A side trip to the city of Tulum
Excerpt from Family trip to Riviera Maya puts to rest skepticism about all-inclusive resorts published @ Cleveland.Com
A side trip to city of Tulum
Despite how lovely the water was, after a day and half of fun and sun, we wanted to stretch our legs a bit.
At a kiosk in the lobby, we easily organized a trip to the ruins of the pre-Columbian city of Tulum, about 60 miles south. (Other excursions went to the nearby Xcaret eco-theme park, where activities include swimming with dolphins, but it seemed a little too mature for our preschooler.) For about $150, we purchased round-trip transportation, entry tickets and a guided tour of Tulum. The rain was free.
We had traveled to Mexico in early May due to slightly lower cost, but I recommend going earlier in the spring. As we soon learned from locals, when it rains, it pours — and the rainy season kicks off in May.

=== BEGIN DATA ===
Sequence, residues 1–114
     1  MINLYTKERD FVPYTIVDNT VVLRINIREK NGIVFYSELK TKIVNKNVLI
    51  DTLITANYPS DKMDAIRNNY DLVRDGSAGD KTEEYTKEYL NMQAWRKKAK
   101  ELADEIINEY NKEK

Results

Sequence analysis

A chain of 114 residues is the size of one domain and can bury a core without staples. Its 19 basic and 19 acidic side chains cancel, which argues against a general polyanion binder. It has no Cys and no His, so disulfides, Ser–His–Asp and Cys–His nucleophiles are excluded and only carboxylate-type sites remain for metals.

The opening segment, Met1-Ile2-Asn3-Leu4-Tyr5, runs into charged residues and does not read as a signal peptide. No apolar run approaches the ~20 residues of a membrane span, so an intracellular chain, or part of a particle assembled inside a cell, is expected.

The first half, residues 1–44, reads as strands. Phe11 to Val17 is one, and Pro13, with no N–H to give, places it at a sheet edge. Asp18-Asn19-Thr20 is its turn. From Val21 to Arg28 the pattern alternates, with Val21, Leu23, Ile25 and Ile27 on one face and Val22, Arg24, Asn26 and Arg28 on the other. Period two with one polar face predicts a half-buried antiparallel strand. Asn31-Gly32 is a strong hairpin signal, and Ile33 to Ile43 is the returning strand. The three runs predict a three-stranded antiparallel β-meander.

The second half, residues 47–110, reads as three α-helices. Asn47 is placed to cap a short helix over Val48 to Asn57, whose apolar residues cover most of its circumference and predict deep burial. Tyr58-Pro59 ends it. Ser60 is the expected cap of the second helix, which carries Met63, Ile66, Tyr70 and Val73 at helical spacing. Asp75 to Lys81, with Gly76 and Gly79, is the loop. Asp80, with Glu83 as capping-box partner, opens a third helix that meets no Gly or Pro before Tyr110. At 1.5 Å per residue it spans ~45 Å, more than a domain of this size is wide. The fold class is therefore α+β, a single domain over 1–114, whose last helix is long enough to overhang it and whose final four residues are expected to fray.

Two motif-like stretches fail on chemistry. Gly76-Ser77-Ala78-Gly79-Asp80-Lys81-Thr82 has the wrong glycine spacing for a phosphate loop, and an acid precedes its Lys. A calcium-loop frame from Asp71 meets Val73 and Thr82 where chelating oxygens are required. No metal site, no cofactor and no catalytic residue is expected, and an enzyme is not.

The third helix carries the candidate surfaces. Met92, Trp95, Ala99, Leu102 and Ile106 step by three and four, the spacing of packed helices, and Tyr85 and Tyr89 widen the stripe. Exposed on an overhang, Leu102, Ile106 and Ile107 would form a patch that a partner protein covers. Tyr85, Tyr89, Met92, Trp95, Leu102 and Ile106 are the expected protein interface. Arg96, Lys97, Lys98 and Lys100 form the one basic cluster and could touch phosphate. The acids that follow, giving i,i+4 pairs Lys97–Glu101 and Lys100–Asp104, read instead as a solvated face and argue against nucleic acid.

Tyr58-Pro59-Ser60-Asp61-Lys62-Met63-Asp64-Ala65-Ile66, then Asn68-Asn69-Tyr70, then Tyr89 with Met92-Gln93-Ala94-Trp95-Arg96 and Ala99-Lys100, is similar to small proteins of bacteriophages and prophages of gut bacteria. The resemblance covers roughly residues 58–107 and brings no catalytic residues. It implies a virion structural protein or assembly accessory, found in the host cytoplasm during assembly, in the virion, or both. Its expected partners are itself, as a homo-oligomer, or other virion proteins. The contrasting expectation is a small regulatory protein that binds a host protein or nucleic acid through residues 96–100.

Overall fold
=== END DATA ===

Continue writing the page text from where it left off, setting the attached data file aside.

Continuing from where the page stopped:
But getting a little soggy was worth it to explore this amazing historical city.
Located on steep 40-foot cliffs along the Caribbean, Tulum is one of the best preserved Mayan ruins. For Americans schooled on Euro-centric history, it was a fascinating glimpse at pre-Columbian life in the Americas. From about 1200 until the Spaniards arrived in the 16th century, Tulum was a vibrant trading post. Ruins of temples, altars, houses and the massive surrounding wall remain.
It was a truly breathtaking experience as our English-speaking guide led us through the site, with the lush green grass amplified by the rain, the imposing ruins stark against the thunderous sky and fierce winds whipping by the jagged cliffs.
And to think, Tulum is smaller and less spectacular than the more famous Chichen Itza ruins, about 120 miles inland. We didn’t make it there on this trip — the ride was three hours each way — but will next time.